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Man to try for new hearing in murder of Michael Jordan's dad

SANFORD, N.C. -- One of the men convicted of murdering Michael Jordan's father in 1993 argued Wednesday that alibi witnesses and evidence of his innocence weren't given a close enough look during his trial, violating his constitutional rights.

A defense attorney for Daniel Green urged a North Carolina judge during oral arguments to allow a wider-ranging evidentiary hearing that could lead to a new trial. Green admits that he helped dump James Jordan's body but maintains he wasn't present when Jordan was fatally shot in the chest. Green's conviction for first-degree murder has previously been upheld by two state courts.

Superior Court Judge Winston Gilchrist said he would rule at a later date on whether to allow Green's latest effort to proceed or deny it.

Defense attorney Chris Mumma argued Green's right to a fair trial was violated by ineffective counsel who failed to adequately explore ballistics evidence that cast doubt on Green's role or to call testimony by several witnesses who say Green was at a house party when Jordan was killed. She also questioned testimony by a state agent who tested for blood on Jordan's car seats, and she pointed to discrepancies in descriptions of a bullet hole in Jordan's shirt.

"Daniel Green is innocent in the killing of James Jordan. He was not there," she told the judge.

The violent death shocked fans of James Jordan's world-famous son Michael, who at that point had led the Chicago Bulls to the first three of his six NBA titles. Michael Jordan now owns the NBA's Charlotte Hornets. A representative for Jordan didn't immediately respond to an email seeking comment.

Mumma also argued Wednesday that the case against Green hinged on testimony from the other man convicted of the killing, Green's childhood friend Larry Demery, who is also currently serving a life sentence. Mumma said Demery changed his story multiple times and had incentive to lie in hopes of cooperating with prosecutors and avoiding the death penalty.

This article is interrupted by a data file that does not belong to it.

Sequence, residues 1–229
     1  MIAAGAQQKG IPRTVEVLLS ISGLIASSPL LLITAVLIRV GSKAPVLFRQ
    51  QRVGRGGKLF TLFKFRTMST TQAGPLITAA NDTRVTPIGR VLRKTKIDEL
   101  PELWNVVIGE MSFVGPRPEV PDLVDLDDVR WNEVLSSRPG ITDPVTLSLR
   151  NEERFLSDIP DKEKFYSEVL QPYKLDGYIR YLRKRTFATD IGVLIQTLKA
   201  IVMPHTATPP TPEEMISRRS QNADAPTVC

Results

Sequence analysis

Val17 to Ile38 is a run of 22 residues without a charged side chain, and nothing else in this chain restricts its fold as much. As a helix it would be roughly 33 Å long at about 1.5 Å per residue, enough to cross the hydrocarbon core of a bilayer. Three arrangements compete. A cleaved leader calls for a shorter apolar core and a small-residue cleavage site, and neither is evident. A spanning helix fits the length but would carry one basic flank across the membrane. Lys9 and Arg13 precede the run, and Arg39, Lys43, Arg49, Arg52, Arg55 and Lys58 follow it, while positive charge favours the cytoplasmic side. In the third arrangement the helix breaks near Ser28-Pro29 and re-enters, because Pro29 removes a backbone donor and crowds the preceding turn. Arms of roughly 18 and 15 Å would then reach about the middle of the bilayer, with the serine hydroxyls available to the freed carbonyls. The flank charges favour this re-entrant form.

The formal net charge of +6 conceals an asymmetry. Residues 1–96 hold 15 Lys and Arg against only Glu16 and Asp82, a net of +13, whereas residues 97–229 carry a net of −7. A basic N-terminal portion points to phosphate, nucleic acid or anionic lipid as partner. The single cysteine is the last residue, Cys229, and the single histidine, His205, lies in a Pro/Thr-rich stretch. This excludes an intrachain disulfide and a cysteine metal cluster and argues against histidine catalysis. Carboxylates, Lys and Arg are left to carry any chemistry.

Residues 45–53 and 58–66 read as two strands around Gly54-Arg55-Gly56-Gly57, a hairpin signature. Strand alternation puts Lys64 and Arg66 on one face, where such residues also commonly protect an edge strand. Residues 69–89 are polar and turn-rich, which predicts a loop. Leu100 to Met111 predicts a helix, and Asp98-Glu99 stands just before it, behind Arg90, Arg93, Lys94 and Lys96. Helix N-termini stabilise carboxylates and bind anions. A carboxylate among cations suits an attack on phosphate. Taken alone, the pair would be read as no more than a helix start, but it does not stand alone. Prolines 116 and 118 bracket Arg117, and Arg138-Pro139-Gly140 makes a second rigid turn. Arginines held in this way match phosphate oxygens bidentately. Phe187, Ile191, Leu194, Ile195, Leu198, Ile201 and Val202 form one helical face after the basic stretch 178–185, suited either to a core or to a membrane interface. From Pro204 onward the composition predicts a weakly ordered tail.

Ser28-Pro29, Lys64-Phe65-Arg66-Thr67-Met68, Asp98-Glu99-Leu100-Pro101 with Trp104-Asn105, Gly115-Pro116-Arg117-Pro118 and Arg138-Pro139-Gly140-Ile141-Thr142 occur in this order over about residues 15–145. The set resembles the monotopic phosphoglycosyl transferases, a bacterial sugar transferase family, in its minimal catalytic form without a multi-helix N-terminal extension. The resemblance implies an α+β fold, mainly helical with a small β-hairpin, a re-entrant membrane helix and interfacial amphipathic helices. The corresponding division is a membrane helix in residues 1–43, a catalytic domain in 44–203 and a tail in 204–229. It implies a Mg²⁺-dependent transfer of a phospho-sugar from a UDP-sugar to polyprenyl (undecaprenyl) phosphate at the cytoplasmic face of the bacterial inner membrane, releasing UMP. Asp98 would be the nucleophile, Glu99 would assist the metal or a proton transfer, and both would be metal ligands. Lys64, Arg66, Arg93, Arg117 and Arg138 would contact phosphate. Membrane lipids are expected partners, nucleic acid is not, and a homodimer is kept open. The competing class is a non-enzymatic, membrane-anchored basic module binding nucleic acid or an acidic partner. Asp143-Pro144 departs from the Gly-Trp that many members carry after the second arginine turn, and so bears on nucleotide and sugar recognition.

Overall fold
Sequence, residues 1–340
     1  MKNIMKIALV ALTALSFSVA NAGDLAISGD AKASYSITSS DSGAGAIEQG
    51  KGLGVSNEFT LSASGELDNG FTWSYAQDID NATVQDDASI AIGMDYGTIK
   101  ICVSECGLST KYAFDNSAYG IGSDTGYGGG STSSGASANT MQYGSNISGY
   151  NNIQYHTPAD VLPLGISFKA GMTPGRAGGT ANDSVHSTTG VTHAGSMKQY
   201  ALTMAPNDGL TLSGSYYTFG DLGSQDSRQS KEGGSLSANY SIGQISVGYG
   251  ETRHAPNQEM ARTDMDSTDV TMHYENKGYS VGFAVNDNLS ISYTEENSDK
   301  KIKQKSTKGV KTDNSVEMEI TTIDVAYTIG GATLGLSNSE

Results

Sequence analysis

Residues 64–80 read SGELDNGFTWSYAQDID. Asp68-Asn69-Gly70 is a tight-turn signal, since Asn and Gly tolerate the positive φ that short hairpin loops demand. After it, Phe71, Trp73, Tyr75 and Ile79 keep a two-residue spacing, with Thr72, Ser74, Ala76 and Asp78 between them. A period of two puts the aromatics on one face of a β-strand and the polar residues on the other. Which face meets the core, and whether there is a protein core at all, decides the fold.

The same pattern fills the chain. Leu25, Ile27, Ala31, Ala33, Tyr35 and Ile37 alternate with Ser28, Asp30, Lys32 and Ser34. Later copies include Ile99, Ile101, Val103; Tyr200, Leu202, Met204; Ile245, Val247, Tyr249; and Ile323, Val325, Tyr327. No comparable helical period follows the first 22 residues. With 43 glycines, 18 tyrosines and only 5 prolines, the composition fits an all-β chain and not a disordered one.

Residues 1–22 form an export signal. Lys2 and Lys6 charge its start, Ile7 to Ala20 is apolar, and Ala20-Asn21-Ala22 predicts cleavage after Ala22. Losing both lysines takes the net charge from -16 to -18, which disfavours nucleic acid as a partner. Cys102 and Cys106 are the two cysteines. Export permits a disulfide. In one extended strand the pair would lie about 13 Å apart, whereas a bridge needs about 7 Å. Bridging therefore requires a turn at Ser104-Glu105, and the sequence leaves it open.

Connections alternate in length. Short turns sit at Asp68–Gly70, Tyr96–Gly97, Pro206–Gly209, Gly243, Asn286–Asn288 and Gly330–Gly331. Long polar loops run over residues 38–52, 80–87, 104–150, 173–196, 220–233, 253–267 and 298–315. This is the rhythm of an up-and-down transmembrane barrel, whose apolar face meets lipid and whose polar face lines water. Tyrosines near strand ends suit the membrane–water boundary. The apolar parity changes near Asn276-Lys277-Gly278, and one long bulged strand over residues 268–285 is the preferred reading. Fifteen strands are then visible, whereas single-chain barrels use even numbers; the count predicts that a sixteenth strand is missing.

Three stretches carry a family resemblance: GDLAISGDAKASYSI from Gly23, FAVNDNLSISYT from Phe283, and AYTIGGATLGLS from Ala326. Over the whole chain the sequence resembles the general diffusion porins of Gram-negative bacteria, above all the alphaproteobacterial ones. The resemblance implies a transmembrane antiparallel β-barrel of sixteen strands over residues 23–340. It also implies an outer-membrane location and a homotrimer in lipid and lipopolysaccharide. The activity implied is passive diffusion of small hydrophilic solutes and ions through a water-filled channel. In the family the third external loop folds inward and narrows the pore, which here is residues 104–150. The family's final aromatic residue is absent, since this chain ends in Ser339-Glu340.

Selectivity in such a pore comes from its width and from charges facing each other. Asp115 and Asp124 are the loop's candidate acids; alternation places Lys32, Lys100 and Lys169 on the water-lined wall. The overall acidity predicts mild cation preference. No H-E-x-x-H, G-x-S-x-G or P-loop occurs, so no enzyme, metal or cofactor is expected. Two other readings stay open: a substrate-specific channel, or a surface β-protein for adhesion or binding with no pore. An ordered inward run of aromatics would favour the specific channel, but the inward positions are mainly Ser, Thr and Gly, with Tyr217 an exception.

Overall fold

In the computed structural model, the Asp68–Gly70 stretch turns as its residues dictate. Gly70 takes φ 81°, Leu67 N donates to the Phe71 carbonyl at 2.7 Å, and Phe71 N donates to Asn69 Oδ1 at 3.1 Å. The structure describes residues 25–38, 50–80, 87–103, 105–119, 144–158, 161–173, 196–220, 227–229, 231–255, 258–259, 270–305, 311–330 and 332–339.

"The truth has never been heard in this case, and there can be no justice without truth," said Mumma, who leads the nonprofit North Carolina Center on Actual Innocence and became involved in the case in recent years.

But prosecutors from the state attorney general's office countered that Green, now 44, also changed his story during the investigation and that his trial attorneys did call several alibi witnesses. They disagreed with the ineffective counsel claim, noting that Green's then-defense attorneys also consulted with a firearms expert. They said evidence supported Demery's testimony and Green's trial attorneys had ample chance to cross-examine him about his motives.

Prosecutor Danielle Elder said there was "overwhelming evidence" that Green killed Jordan as part of a series of crimes that included two other armed robberies, to which Green later pleaded no contest.

Green, who wore a brown buttoned shirt and white pants in court, listened quietly and said nothing other than an occasional whispered comment to defense attorneys.

The judge said he would reread the hundreds of pages of motions and supporting documents before issuing a ruling.

"I have a large stack of paper from both sides," Gilchrist said.

During trial, prosecutors used testimony from Demery to identify Green as the triggerman in a deadly robbery of James Jordan early on the morning of July 23, 1993. Jordan's body was found 11 days later in a South Carolina swamp and identified with dental records.

Green, who was 18 when Jordan was killed, has said he and Demery were both at a cookout when his friend left to meet someone for a drug deal. Green says he stayed at the party because he was flirting with a woman there. Demery returned hours later, Green said, appearing shaken and asking him to help dispose of Jordan's body in the swamp. Green has said Demery told him he mistook James Jordan for a drug connection and shot him after an altercation.

Attorney Hugh Rogers, who represented Demery, told the AP recently that the case pits the men's accounts against each other but ultimately more evidence corroborated his client's version.

Prosecutors have maintained that James Jordan was killed as he slept in his parked Lexus along a highway after being targeted for robbery. At Wednesday's hearing, they once again pointed to a video in which Green rapped while wearing an NBA All-Star ring and gold watch that Michael Jordan gave his father. Green says he got the jewelry from the car console days after the killing.

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